Advertisement
YOU ARE HERE: LAT HomeCollectionsMilitary Assaults
IN THE NEWS

Military Assaults

FEATURED ARTICLES
BUSINESS
April 25, 2003 | Lisa Girion, Times Staff Writer
The list of corporations sued in American courts for their alleged involvement in human rights violations in foreign countries grew longer Thursday, when Occidental Petroleum Corp. was accused of aiding a deadly military assault on a Colombian village. The case was filed in U.S. District Court in Los Angeles by a man whose mother, sister and cousin were killed during the bombing raid five years ago.
ARTICLES BY DATE
NATIONAL
March 6, 2014 | By Lisa Mascaro
WASHINGTON - An ambitious bill seeking to stem the rise of sexual assaults in the military died Thursday after senators from both parties refused to limit the role of commanding officers in deciding whether to prosecute such cases. Sen. Kirsten Gillibrand (D-N.Y.) pushed the issue to prominence during this congressional session, arguing on behalf of victims who testified that they feared retaliation for pressing assault allegations up the military chain of command. Her bill - which won support from 17 of the 20 women in the Senate - would have shifted sexual assault investigations to military prosecutors.
Advertisement
CALIFORNIA | LOCAL
August 16, 2006 | Robert Salladay, Times Staff Writer
Muslim leaders on Tuesday called Gov. Arnold Schwarzenegger disrespectful and insulting for ignoring their request to meet about the war in Lebanon so he could explain his appearance at a rally supporting Israel that was attended by thousands. Schwarzenegger and Los Angeles Mayor Antonio Villaraigosa spoke at the July 23 event in front of the Jewish Federation of Greater Los Angeles building on Wilshire Boulevard. On Aug.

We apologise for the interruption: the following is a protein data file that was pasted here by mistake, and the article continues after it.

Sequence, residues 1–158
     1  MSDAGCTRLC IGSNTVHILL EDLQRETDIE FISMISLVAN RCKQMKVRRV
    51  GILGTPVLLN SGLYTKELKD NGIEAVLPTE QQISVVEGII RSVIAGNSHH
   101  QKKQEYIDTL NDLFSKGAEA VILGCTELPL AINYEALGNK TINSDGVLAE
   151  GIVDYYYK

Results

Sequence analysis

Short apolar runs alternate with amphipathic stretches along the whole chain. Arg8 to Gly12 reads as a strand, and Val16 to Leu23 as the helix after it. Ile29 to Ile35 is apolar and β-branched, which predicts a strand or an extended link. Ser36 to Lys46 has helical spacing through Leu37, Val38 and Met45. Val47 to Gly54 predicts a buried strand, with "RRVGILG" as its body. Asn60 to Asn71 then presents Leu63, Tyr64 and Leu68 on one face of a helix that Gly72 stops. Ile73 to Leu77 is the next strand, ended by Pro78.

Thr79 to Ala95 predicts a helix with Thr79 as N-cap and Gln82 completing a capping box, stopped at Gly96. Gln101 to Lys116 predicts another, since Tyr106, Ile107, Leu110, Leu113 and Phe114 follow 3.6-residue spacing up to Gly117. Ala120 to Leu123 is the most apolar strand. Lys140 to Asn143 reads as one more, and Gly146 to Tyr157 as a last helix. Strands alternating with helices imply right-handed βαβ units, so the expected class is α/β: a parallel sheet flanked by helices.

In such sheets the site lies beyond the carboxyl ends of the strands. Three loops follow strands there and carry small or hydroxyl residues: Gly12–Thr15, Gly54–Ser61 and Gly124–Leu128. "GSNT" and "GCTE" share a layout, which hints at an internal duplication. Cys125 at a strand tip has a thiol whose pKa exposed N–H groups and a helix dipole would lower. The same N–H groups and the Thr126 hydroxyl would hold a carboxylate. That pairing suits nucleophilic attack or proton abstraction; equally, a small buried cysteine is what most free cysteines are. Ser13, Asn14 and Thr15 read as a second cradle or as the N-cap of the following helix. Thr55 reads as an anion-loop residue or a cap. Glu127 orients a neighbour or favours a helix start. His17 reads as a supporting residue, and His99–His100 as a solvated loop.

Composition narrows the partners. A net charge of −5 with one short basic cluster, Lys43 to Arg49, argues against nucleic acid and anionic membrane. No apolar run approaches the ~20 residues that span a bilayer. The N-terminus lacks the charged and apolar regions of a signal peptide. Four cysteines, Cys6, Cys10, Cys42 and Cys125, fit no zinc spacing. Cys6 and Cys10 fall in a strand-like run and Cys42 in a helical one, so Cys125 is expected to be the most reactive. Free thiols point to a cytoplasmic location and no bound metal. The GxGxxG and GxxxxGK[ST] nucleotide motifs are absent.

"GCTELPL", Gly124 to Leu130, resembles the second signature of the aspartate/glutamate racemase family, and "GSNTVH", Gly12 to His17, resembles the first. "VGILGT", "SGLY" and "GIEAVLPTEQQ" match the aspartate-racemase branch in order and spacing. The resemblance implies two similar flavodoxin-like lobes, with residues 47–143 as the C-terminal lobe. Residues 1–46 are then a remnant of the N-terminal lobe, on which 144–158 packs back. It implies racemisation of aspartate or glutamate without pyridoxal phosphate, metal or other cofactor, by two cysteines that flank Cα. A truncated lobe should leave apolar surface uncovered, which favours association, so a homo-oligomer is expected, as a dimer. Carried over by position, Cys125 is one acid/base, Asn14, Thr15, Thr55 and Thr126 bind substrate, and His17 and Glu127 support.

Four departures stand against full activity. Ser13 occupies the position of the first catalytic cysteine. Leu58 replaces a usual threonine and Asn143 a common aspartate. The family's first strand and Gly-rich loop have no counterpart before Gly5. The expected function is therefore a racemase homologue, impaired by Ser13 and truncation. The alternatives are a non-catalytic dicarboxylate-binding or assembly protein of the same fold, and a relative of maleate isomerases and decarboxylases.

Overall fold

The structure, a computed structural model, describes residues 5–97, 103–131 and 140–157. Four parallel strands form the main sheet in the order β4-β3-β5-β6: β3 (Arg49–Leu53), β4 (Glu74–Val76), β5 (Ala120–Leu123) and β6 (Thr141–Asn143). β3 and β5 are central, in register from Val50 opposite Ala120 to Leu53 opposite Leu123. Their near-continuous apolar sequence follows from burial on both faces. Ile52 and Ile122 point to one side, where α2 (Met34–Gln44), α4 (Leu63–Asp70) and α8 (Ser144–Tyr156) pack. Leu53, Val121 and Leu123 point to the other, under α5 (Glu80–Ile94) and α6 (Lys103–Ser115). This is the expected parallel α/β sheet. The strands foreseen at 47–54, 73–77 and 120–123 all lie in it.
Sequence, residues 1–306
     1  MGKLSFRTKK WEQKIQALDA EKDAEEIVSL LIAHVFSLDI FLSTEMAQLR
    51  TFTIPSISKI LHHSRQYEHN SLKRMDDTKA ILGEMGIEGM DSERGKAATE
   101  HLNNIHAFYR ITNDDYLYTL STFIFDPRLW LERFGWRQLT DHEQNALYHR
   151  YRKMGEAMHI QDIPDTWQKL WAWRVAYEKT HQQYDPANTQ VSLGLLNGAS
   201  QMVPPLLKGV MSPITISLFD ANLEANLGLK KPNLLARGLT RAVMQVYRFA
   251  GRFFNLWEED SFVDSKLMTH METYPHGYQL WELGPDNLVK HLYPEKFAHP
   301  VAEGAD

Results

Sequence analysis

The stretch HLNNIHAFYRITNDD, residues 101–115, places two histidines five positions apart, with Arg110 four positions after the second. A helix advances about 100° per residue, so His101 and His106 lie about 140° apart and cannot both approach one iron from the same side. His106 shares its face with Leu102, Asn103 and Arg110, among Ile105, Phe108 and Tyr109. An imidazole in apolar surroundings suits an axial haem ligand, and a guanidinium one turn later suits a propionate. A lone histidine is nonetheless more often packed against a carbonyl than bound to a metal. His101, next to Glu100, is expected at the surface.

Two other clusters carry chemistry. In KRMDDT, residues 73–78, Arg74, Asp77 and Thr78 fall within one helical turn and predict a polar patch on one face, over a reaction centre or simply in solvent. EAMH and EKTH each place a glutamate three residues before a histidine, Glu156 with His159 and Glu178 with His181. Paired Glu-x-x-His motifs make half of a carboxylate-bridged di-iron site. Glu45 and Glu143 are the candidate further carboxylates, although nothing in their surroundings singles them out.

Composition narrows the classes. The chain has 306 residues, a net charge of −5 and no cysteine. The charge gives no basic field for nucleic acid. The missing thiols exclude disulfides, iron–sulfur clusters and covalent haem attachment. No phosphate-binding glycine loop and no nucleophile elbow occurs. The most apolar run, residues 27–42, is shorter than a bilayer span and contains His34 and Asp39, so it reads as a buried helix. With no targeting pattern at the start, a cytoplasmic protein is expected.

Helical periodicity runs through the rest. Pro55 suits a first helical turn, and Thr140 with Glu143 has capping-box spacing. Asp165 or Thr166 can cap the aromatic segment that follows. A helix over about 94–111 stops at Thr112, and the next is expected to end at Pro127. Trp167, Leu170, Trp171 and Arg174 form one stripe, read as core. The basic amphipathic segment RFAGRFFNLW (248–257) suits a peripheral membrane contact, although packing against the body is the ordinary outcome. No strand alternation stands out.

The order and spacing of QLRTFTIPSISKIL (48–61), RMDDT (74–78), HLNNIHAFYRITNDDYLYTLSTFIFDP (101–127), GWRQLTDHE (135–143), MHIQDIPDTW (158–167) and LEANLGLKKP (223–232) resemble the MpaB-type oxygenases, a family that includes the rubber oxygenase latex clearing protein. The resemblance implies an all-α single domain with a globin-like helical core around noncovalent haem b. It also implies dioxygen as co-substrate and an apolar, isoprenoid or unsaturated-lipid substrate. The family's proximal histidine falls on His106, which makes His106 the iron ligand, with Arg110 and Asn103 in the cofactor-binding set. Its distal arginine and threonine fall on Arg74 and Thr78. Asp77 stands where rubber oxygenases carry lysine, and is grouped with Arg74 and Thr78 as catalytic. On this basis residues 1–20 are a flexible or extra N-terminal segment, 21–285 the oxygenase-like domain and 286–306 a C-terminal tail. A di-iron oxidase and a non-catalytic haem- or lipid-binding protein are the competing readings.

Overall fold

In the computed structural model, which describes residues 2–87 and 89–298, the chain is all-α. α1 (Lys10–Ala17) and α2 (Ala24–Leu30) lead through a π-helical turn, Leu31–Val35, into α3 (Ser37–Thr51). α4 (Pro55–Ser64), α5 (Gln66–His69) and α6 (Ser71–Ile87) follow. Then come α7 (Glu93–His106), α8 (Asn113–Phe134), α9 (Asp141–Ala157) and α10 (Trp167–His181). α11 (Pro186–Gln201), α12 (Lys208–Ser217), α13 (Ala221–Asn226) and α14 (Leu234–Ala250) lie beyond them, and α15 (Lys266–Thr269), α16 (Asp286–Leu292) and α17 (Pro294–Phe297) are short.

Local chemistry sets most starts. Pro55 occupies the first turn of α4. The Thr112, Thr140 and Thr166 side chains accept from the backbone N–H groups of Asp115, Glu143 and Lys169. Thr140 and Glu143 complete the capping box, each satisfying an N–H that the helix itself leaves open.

CALIFORNIA | LOCAL
November 10, 2013 | George Skelton, Capitol Journal
SACRAMENTO - Lots of gun rumblings. The blood keeps spilling. And the carnage spreads. Start with the LAX shootings. The gun used by the government-hater to kill a checkpoint screener and wound three others? It was the type of firearm that would have been banned from the California market under legislation vetoed by Gov. Jerry Brown. Not that it would have mattered for Gerardo Hernandez, 39, the TSA agent who was murdered. The bill would not have taken effect until Jan. 1. And Paul Anthony Ciancia, 23, the disgruntled, alleged assassin, could have kept his semiautomatic rifle by registering it. And, yes, he also could have armed himself with a handgun and probably inflicted the same damage.
WORLD
December 17, 2007 | Asso Ahmed and Tina Susman, Special to The Times
Turkish jets bombed several villages in northern Iraq early Sunday in the most aggressive action in years against Kurdish rebels who take sanctuary in the Kurdistan border region of Iraq. Local officials said at least one civilian was killed and several wounded. The Firat news agency, which is linked to the Kurdistan Workers Party, or PKK, said that five guerrillas and two civilians were killed and that many of the damaged buildings were schools and homes.